Interview with Bunker Roy
“Only 300 solar power engineers live in the whole of Africa – and they’re all grandmothers,” insists Sanjit “Bunker” Roy.
“People will shout from the rooftops and say this is nonsense but believe me there is not one solar engineer in any of the 28 countries I have been to in Africa that comes from a village and stays in a village. They all live in cities abroad. The only ones left are the grandmothers we’ve trained.”
The Indian social activist and founder of Barefoot College is determined to help poor rural communities gain access to light. He says electricity is the biggest expense for families in remote areas and the only solution is to solar electrify villages – with the help of grandmothers.
“I’m challenging the conventional mindset of how to bring solar energy to communities,” explains Roy in his office at Barefoot College, in Tilonia, India. “There’s this myth that ordinary, rural people –including women and grandmothers- cannot fabricate, install and manage sophisticated solar technology. It’s not true and we have exploded that myth at Barefoot College.”
Bengali born Roy, aged 66, established the Barefoot College in 1971 to train illiterate people from remote villages basic skills in professions such as architecture and engineering. The school is the only fully solar powered institution in India and it teachers villagers to service their own communities and to reduce the dependency of outside institutions.
“You cannot address rural problems with urban solutions. The answers lie with rural people,” says Roy. “This is particularly true when it comes to lighting homes. You can’t bring electricity to small, remote villages with a conventional grid. It costs over US$70,000 a kilometre and companies make communities dependent on outside engineers.”
Roy’s approach is not simply install solar technology within communities- but to teach people to repair and maintain it first. “Solar units are out of action for months because of a very small part that can be repaired in 5 minutes,” complains Roy. “Nobody comes to fix them because there is this ridiculous system of call centers and maintenance support, which is often based in the city. Companies don’t bother with remote villages- they couldn’t care less.”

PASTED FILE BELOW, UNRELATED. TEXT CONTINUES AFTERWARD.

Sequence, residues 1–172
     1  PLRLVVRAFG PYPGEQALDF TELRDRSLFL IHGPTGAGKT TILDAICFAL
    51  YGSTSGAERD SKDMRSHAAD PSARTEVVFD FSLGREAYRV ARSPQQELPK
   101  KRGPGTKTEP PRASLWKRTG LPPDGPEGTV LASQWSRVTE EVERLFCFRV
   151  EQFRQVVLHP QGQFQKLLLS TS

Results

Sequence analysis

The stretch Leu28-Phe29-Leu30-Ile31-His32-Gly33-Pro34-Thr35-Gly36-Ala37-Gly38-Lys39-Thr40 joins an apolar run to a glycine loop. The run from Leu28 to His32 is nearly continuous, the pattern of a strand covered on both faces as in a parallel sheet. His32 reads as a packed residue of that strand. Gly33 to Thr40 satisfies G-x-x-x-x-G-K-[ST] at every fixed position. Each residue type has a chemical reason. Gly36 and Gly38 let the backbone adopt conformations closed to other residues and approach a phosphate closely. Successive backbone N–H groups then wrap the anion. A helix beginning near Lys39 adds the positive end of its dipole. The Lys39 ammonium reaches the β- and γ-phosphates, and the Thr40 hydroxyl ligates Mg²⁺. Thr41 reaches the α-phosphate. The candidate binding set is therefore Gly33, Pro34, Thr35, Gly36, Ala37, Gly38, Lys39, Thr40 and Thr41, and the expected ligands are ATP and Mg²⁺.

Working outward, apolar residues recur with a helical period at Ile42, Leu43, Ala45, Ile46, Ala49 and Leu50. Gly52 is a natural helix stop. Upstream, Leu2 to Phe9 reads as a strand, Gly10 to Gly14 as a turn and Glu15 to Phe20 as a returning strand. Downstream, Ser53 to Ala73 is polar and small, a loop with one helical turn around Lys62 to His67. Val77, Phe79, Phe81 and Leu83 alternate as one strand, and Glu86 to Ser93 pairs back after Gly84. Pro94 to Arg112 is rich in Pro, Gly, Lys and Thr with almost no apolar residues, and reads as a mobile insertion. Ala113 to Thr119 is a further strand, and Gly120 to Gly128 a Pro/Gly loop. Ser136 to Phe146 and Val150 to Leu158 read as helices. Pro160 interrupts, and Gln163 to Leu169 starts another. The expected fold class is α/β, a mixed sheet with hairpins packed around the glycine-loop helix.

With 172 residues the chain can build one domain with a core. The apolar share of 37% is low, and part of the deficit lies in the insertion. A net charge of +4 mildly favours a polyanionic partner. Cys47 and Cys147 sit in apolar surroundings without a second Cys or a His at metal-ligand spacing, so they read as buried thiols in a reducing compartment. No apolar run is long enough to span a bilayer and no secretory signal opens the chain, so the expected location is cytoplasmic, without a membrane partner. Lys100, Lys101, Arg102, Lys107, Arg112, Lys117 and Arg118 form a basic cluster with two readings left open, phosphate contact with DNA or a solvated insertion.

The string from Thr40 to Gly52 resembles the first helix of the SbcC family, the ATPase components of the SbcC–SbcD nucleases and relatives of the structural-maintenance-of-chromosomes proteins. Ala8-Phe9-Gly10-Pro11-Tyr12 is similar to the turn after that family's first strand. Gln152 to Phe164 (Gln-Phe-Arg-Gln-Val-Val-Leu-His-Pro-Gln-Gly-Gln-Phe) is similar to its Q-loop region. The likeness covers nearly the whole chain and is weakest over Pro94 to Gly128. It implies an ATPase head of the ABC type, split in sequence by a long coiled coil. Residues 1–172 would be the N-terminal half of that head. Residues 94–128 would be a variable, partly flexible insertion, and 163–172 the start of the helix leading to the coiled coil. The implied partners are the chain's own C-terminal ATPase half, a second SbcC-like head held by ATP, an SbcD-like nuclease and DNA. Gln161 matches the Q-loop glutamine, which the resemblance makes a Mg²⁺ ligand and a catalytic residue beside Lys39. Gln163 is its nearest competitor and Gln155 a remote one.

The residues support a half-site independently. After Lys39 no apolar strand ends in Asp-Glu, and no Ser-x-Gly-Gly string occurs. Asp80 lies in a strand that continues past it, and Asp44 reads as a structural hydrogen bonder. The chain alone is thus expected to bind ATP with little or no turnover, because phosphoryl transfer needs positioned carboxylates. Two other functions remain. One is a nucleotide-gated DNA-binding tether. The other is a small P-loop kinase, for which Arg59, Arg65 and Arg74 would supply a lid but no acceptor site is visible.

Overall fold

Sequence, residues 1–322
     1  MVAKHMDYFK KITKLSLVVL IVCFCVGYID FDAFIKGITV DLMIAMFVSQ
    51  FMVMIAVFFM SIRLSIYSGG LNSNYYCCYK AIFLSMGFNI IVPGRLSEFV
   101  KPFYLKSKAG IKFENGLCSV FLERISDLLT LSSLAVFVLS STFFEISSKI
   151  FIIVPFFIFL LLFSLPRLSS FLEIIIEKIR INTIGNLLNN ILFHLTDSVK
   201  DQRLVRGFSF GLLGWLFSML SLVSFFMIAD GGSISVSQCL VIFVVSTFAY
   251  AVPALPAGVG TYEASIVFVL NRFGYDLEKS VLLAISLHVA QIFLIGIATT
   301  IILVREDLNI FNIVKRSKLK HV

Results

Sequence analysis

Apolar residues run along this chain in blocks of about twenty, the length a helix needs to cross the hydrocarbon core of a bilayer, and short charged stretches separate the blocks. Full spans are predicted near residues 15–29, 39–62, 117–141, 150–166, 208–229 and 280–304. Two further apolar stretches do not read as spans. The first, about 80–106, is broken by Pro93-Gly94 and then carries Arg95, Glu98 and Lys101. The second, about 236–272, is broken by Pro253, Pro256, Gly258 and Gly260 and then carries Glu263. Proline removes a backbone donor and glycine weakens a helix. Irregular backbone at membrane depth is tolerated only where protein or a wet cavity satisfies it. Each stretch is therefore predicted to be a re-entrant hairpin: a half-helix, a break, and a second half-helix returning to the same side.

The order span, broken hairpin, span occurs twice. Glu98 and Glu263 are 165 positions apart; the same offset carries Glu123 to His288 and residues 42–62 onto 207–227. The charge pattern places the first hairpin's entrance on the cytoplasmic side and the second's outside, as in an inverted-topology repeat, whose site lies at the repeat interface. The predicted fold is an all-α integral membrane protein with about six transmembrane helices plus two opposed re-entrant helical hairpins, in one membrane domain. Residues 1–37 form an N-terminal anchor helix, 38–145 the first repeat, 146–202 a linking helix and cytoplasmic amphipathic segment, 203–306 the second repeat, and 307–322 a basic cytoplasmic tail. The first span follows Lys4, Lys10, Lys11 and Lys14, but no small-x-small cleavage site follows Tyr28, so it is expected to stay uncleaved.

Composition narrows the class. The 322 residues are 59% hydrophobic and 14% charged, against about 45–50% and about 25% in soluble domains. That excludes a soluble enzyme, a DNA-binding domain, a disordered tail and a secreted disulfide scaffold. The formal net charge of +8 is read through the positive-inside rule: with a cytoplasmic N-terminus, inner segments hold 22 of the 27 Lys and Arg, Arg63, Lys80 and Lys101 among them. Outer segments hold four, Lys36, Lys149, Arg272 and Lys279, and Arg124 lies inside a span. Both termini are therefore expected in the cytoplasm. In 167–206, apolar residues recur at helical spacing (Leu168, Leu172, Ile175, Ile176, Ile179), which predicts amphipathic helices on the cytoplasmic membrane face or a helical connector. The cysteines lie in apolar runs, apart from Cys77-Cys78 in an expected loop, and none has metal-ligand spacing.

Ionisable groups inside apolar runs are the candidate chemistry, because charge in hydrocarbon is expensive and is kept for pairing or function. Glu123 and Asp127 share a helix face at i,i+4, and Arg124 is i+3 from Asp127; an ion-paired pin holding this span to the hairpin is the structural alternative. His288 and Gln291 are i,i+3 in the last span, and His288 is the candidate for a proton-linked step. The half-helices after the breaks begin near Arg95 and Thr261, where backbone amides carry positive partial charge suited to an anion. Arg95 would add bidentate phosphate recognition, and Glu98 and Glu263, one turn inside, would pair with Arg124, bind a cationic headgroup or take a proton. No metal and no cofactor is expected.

The Barefoot method provides an efficient, cost effective service that equips villagers to manage their own solar power. “We develop the capacity and knowledge of the people in communities to fabricate solar technology, as well as install, repair and maintain it themselves,” says Roy.
The school began training uneducated rural Indian men as engineers in 1990 but ten years later Roy decided to only train women and grandmothers. He says village men were too restless to teach. The moment they gained a qualification they left their villages to look for work in the cities. “Women, on the other hand, particularly grandmothers, are committed to staying in their communities. They have roots with their children and grandchildren and want to improve their future,” he explains.
The Indian government covers the cost of interviewing and training the women. The course is a six-month hands-on programme that teaches the basics of fabricating, installing, and repairing solar circuit boards for solar lamps and panels. Most of the women and instructors are illiterate so hand signals and drawings are used to teach. Despite this setback, every student excels. “Illiterate people never forget. They only have their memory to rely on- which makes them concentrate harder in class,” says Roy.
Since 2005 the programme has recruited global trainees- mainly grandmothers handpicked by Roy. He praises their ability to learn and share their skills. “We trained three women in Afghanistan who have now gone on to train 27 more women and to help solar electrify over 100 villages across Afghanistan.”
The success of the programme has prompted the Indian government to pay the US$250,000 cost of setting up five new Barefoot Training Centers in Africa and to solar electrify 25,000 African homes.
Roy says his approach is a bargain that exceeds everyone’s expectations. “We can solar-electrify 100 villages, train 120 grandmothers and light 11,000 houses in 26 countries in Africa for a total of US $2.5 million dollars, which is the cost of what Mr. Jeff Sachs spends on just one millennium village in Africa! And, that is the ideal development model that the UN is trying to push, which is ridiculous and a waste of money. Villagers just want light, so give them light.”